How would reaching that goal influence your happiness?
When I am authentic, then that means that I am staying true to my authentic self, living my values, speaking my truth, being honest with myself about my needs, and following my inner callings in life.
I have found that when I am authentic, I do not always experience happiness, but it increases the chances of me experiencing happiness. Further, if I don't experience happiness, then I do always feel like I am connected to the Highest good and that brings about a deeper sense of purpose and peace than when I am not being authentic.
Additionally, I have found that when I am being authentic, that inspires other people to be their most authentic self and that is so rewarding.
What is the happiest personal moment you remember from the past? Could you tell me a bit about it?
I am currently engaged and planning on getting married in 2019. I can't remember one specific moment, but there have been many moments where I felt complete love, joy, peace, and connection with my fiancé. In those moments with her, that is when I have felt the happiest.
What has the biggest negative effect on your happiness? Is there a way you can influence that thing/event in such a way that your happiness is less affected by it?
I feel the most unhappy when I am being inauthentic or around others who are being inauthentic. When I am being inauthentic, I start to ignore my needs, doubt myself or instincts, or pay attention to irrational thoughts. That really weighs heavy on me and I start to be unhappy. Additionally, if I am around others who are being inauthentic with me or treating me unfairly, then that really makes me feel angry.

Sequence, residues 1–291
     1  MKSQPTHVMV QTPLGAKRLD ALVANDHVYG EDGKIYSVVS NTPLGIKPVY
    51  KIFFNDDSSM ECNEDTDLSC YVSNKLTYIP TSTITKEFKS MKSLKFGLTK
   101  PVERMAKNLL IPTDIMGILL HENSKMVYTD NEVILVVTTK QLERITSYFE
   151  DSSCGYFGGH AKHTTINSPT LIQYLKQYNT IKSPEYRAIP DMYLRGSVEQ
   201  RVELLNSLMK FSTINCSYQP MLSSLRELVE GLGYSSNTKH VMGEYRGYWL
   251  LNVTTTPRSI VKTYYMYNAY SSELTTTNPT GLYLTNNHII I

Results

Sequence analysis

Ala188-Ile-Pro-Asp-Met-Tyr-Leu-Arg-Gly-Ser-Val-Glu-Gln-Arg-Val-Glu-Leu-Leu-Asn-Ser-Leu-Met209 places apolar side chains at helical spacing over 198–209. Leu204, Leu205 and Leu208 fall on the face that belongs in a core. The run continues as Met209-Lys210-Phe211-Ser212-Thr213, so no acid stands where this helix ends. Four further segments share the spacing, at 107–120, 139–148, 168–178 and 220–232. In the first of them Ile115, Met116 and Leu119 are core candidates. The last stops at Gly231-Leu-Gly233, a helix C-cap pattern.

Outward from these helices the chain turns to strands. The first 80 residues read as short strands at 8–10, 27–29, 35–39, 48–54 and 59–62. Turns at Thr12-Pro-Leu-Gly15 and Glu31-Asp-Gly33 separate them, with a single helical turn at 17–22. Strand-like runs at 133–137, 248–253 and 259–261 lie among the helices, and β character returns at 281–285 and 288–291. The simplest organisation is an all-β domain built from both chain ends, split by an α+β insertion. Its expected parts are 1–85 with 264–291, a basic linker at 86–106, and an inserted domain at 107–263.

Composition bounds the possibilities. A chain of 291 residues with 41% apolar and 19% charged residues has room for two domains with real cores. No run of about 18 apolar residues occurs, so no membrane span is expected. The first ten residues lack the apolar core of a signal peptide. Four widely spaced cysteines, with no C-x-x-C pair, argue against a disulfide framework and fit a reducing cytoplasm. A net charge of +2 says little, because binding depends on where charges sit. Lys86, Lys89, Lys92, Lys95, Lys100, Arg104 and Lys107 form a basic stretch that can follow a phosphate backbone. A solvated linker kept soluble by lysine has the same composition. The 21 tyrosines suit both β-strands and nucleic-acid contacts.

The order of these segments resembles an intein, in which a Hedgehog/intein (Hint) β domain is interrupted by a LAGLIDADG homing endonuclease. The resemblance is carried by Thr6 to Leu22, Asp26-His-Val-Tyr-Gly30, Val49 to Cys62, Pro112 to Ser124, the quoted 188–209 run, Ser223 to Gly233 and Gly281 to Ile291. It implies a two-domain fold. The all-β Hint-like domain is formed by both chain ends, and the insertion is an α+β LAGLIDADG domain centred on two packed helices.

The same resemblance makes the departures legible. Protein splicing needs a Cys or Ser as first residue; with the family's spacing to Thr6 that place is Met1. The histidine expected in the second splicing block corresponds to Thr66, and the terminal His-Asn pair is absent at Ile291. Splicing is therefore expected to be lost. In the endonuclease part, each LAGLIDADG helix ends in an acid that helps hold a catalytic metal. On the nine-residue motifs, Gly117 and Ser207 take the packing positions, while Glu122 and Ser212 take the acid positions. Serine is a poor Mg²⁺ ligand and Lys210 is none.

I can influence this by trying to remain authentic. When I'm feeling inauthentic then it helps me to do some yoga, exercise, meditation, or talk to others about how I am feeling or for help.
If other people are being inauthentic, then I have found it is best for me to be assertive and confront them in a calm and direct manner. If that is not possible, then I try to leave the situation and find another healthy outlet for me to express my anger or frustration about them such as talking to someone else, yoga, or exercise.
Finally, when was the last time a total stranger did something nice for you, something that made you smile? Could you tell me what that was?
What a great question!
About a month ago, I was trying to buy a bike. I just needed it to ride about a mile a day to a train stop. I went into a local bike shop that had all of these expensive and nice bikes. I told the owner what type of bike I was looking for and he told me that I would be better off going to another bike shop that had less expensive bikes.
His selfless advice probably saved me two or three hundred dollars because instead of buying an expensive bike at his local bike shop, I literally went about a mile away and bought another bike that was much less expensive, but was perfectly reliable for what I needed. That owner probably could have talked me into buying a bike in his shop and made some money off of me, but instead, he was truly concerned about me and referred me to another shop to help me save money.
That bike shop owner probably believed in having good karma!
If there's one thing this interview has taught me is that you have to follow your heart.
Matt followed his heart by switching careers, and his happiness has improved drastically as a result.
If you find yourself in a similar situation, I hope this interview has inspired you to have courage as well. I believe that no one has ever truly regretted following his or her heart.
If you're afraid that your decisions might backfire, then I highly recommend you start tracking your happiness. By tracking your happiness, you'll be able to find out what things are most valuable to you in your life.
That way, you can make the most informed decision possible and therefore steer your life in the best direction!
If you are ready to start tracking your happiness, you can get started right away! You can download my happiness tracking template below! 🙂